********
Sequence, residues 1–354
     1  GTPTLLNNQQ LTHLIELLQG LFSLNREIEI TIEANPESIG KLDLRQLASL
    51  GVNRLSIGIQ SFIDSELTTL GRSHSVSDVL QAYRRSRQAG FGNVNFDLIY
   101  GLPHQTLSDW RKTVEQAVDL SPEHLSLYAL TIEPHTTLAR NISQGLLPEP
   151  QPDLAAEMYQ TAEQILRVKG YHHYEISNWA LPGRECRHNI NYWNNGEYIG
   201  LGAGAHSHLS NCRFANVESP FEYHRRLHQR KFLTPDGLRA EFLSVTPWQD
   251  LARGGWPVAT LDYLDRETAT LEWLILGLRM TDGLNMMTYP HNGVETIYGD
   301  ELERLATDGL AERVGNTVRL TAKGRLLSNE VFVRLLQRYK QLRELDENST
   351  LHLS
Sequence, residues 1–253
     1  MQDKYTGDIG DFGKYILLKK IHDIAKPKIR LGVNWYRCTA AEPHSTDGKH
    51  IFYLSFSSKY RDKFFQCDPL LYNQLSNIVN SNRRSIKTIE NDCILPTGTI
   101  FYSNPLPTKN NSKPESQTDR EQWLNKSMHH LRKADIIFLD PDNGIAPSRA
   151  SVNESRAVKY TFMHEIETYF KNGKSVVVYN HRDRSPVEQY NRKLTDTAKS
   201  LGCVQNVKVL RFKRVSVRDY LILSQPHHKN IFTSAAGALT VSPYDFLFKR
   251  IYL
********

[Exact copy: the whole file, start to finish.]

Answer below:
Sequence, residues 1–354
     1  GTPTLLNNQQ LTHLIELLQG LFSLNREIEI TIEANPESIG KLDLRQLASL
    51  GVNRLSIGIQ SFIDSELTTL GRSHSVSDVL QAYRRSRQAG FGNVNFDLIY
   101  GLPHQTLSDW RKTVEQAVDL SPEHLSLYAL TIEPHTTLAR NISQGLLPEP
   151  QPDLAAEMYQ TAEQILRVKG YHHYEISNWA LPGRECRHNI NYWNNGEYIG
   201  LGAGAHSHLS NCRFANVESP FEYHRRLHQR KFLTPDGLRA EFLSVTPWQD
   251  LARGGWPVAT LDYLDRETAT LEWLILGLRM TDGLNMMTYP HNGVETIYGD
   301  ELERLATDGL AERVGNTVRL TAKGRLLSNE VFVRLLQRYK QLRELDENST
   351  LHLS
Sequence, residues 1–253
     1  MQDKYTGDIG DFGKYILLKK IHDIAKPKIR LGVNWYRCTA AEPHSTDGKH
    51  IFYLSFSSKY RDKFFQCDPL LYNQLSNIVN SNRRSIKTIE NDCILPTGTI
   101  FYSNPLPTKN NSKPESQTDR EQWLNKSMHH LRKADIIFLD PDNGIAPSRA
   151  SVNESRAVKY TFMHEIETYF KNGKSVVVYN HRDRSPVEQY NRKLTDTAKS
   201  LGCVQNVKVL RFKRVSVRDY LILSQPHHKN IFTSAAGALT VSPYDFLFKR
   251  IYL